An additional and unprecedented step by the US authorities is the provision of written assurances on the limitations, safeguards, and oversight mechanisms to be put in place regarding access by public authorities to the personal data of EU citizens on national security grounds. These include assurances that indiscriminate mass surveillance of EU citizens’ personal data by US security agencies has discontinued. On a more practical level, these also agree to allow the EU to monitor the framework arrangement in action, and include a requirement that the EU Commissioner and the US Department of Commerce carry out annual joint reviews of its proper functioning (to which EU DPAs will be invited to contribute). Notably, this review will include analysis of access to EU-originating personal data for reasons of US national security during each relevant year.

Finally, another major pillar of the agreement is the introduction of enhanced rights of redress by EU data subjects against US organisations that misuse their personal data. For example:

  • Companies will be subject to tighter deadlines to reply to complaints made against them by individuals who suspect that their personal data has been mishandled;
  • EU DPAs will be empowered to refer complaints by individuals in their jurisdictions to the US Department of Commerce and the Federal Trade Commission;
  • Free and binding alternative dispute resolution will become available to individuals to resolve their complaints; and,
  • A new ombudsman will be created in the US State Department to deal with complaints relating to possible access of personal data by national security agencies.

On the US side, developments are already being made in preparation for the coming into force of this new regime as demonstrated by the publication of a fact sheet by the US Department of Commerce that clarifies certain aspects of the Privacy Shield framework. Attention is drawn, in particular, to measures concluded or underway to enhance privacy protections as applied to US intelligence collection activities.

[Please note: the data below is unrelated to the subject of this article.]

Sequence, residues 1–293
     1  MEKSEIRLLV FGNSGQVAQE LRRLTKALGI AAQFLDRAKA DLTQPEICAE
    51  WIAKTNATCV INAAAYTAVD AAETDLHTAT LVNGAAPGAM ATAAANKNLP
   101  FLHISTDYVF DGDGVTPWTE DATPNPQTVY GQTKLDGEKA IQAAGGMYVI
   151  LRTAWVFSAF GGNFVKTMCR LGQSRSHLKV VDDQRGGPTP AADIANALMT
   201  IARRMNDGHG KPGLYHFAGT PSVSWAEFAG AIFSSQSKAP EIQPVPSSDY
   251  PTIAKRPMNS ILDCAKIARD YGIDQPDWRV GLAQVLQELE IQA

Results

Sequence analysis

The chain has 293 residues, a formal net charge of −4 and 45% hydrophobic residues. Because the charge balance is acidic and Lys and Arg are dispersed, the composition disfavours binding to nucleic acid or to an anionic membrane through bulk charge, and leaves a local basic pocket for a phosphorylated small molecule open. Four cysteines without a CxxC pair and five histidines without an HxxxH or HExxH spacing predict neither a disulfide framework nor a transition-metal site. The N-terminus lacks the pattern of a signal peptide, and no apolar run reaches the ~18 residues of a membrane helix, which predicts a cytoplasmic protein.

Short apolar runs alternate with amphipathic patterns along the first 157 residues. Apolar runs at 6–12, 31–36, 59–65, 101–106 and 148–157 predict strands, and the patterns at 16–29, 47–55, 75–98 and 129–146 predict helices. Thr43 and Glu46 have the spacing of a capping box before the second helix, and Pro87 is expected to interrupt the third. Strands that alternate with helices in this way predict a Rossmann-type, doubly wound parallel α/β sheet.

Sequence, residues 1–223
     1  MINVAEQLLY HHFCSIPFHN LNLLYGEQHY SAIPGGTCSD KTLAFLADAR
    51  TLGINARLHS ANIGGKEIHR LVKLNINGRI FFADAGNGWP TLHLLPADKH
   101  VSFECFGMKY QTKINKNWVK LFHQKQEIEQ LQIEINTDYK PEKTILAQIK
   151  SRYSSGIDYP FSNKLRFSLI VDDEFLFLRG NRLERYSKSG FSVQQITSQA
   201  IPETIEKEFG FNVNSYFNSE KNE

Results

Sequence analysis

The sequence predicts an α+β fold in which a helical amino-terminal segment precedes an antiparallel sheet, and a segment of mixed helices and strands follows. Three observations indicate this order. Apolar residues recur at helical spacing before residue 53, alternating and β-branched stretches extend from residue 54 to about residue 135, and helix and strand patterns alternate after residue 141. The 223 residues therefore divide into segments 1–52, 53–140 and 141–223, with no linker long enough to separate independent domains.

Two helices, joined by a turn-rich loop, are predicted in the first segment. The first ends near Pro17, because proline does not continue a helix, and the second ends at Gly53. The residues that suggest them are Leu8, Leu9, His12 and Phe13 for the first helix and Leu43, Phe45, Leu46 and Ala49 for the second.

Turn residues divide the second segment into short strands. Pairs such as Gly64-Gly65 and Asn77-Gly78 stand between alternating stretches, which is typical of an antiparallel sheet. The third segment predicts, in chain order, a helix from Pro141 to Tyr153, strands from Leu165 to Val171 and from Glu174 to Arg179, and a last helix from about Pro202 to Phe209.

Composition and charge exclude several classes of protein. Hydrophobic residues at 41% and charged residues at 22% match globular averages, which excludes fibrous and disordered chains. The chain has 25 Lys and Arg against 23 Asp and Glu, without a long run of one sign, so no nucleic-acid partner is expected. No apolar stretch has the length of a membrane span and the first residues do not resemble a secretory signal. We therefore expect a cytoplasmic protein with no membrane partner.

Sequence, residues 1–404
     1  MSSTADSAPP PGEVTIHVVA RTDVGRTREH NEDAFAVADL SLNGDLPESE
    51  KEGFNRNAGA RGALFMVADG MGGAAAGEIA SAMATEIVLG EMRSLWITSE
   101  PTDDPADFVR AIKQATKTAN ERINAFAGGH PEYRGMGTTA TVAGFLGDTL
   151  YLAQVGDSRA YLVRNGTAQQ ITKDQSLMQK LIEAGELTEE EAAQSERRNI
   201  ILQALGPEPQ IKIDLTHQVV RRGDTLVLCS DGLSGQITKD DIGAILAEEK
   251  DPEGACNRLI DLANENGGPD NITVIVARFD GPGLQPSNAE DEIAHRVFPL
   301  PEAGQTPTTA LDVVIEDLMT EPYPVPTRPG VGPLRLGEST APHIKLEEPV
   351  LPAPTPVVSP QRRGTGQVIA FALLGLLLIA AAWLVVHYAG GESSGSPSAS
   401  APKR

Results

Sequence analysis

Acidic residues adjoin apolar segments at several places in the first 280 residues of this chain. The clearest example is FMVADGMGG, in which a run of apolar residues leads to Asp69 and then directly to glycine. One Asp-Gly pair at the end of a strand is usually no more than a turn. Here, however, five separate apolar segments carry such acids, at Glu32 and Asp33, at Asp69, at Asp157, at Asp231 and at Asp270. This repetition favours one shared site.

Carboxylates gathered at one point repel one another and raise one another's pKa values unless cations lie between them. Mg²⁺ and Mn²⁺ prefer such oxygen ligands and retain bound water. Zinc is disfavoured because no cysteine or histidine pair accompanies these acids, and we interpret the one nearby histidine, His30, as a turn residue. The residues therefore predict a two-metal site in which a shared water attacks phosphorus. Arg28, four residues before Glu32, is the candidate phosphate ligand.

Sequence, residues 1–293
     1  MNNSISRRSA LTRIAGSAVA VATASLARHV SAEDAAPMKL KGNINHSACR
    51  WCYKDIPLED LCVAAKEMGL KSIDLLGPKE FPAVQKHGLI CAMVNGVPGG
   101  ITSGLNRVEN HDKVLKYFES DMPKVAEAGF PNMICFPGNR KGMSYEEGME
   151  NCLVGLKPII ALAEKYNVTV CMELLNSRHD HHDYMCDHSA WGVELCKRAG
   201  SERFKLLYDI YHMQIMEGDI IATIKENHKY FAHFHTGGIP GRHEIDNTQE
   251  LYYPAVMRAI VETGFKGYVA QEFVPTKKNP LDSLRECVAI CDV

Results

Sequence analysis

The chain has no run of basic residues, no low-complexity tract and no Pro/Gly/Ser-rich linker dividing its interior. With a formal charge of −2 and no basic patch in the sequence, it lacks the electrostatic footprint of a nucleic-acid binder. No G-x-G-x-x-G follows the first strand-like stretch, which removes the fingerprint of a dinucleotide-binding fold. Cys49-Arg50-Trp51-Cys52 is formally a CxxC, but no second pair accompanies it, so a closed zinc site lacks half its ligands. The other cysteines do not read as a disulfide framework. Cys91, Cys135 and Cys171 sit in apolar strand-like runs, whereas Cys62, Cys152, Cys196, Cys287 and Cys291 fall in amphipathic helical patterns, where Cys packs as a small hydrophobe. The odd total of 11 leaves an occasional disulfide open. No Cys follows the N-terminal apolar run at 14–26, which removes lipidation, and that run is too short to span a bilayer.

Most recently, President Obama signed the Judicial Redress Act of 2015. This provides EU citizens with judicial redress rights in front of US courts in respect of privacy breaches they have suffered where these have been caused by the actions of US authorities in respect of the processing of their personal data. The passing of this Act gives the ‘green light’ for finalising the EU-US ‘Umbrella Agreement’, another data sharing arrangement to ensure that US authorities comply with EU data protection principles when processing EU citizens’ personal data for law enforcement purposes. For more information on both of these measures, see my previous post here.

Regulator reactions to these developments in the EU also came thick and fast in February. Most notably, in early February: